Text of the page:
• Handle food properly. Always wash your hands for at least 20 seconds with warm, soapy water before and after handling raw meat, poultry, fish, shellfish, produce, or eggs. Wash your hands after using the bathroom, changing diapers, or touching animals.
  • Wash utensils and surfaces before and after use with hot, soapy water. Better still, sanitize them with diluted bleach—1 teaspoon of bleach to 1 quart of hot water.
  • Wash sponges and dish towels weekly in hot water in the washing machine.
  • Keep cold food cold and hot food hot.
  • Maintain hot cooked food at 140°F or higher.
  • Reheat cooked food to at least 165°F.
  • Refrigerate or freeze perishables, produce, prepared food, and leftovers within 2 hours.
  • Never defrost food on the kitchen counter. Use the refrigerator, cold running water, or the microwave oven.
  • Never let food marinate at room temperature—refrigerate it.
  • Divide large amounts of leftovers into small, shallow containers for quick cooling in the refrigerator.
  • Remove the stuffing from poultry and other meats immediately and refrigerate it in a separate container.
  • Wash all unpackaged fruits and vegetables, and those packaged and not marked “pre-washed,” under running water just before eating, cutting, or cooking. Scrub firm produce such as melons and cucumbers with a clean produce brush. Dry all produce with a paper towel to further reduce any possible bacteria.
  • Do not pack the refrigerator. Cool air must circulate to keep food safe.

For more information about prevention of foodborne illnesses, the U.S. Department of Agriculture provides a fact sheet on safe food handling.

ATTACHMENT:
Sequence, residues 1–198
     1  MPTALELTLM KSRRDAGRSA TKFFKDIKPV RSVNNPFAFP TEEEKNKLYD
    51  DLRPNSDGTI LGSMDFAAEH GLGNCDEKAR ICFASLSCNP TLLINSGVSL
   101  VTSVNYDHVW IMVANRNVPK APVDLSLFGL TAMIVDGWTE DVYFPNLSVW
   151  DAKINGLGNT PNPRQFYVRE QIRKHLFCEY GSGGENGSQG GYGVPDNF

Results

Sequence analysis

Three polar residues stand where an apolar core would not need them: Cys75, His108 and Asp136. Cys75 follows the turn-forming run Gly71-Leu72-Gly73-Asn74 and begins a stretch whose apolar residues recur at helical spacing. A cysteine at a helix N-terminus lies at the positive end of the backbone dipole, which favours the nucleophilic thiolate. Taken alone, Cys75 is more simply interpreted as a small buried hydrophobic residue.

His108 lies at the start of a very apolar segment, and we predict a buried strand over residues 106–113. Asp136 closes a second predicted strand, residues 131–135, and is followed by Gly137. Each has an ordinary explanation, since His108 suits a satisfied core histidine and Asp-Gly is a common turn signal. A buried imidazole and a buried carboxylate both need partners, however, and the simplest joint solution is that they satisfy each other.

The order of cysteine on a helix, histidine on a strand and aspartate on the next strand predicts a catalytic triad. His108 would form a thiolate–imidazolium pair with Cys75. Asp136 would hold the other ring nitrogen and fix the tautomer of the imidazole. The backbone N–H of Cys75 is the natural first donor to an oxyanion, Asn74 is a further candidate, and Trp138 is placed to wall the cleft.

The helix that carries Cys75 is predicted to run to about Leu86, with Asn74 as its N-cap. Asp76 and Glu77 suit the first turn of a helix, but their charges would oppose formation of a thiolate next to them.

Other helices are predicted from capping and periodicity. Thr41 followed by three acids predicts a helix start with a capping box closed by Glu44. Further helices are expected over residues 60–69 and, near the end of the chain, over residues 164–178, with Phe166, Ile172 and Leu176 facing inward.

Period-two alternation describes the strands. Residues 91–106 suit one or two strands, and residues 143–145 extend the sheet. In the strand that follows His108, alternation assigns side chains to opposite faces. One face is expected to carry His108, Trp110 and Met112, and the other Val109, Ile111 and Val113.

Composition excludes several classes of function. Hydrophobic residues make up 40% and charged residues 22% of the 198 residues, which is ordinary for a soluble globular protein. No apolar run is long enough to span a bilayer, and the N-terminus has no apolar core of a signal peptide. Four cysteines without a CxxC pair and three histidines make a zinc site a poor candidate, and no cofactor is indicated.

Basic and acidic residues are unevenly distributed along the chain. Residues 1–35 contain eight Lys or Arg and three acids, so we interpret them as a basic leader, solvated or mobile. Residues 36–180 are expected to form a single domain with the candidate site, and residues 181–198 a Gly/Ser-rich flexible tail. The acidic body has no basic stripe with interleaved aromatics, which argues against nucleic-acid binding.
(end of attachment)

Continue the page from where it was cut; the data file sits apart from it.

What is food irradiation?

Food irradiation is the treatment of food with high energy such as gamma rays, electron beams, or x rays as a means of cold pasteurization, which destroys living bacteria to control foodborne illnesses. The United States relies exclusively on the use of gamma rays, which are similar to ultraviolet light and microwaves and pass through food leaving no residue. Food irradiation is approved for wheat, potatoes, spices, seasonings, pork, poultry, red meats, whole fresh fruits, and dry or dehydrated products. Although irradiation destroys many bacteria, it does not sterilize food. Even if you’re using food that has been irradiated by the manufacturer, you must continue to take precautions against foodborne illnesses—through proper refrigeration and handling—to safeguard against any surviving organisms. If you are traveling with food, make sure perishable items such as meats are wrapped to prevent leakage. Be sure to fill the cooler with plenty of ice and store it in the car, not the trunk. If any food seems warmer than 40°F, throw it out.

Links to Other Disorders Related to Foodborne Illnesses

Scientists suspect that foodborne pathogens are linked to chronic disorders and can even cause permanent tissue or organ destruction. Research suggests that when some people are infected by foodborne pathogens, the activation of their immune system can trigger an inappropriate autoimmune response, which means the immune system attacks the body’s own cells. In some people, an autoimmune response leads to a chronic health condition. Chronic disorders that may be triggered by foodborne pathogens are

  • arthritis
  • inflammatory bowel disease
  • kidney failure
  • Guillain-Barré syndrome
  • autoimmune disorders

Further research is needed to explain the link between these disorders and foodborne illnesses.

Common Sources of Foodborne Illness

Sources of illness: Raw and undercooked meat and poultry
Symptoms: Abdominal pain, diarrhea, nausea, and vomiting
Bacteria: Campylobacter jejuni, E. coli O157:H7, L. monocytogenes, Salmonella

Sources of illness: Raw foods; unpasteurized milk and dairy products, such as soft cheeses
Symptoms: Nausea, vomiting, fever, abdominal cramps, and diarrhea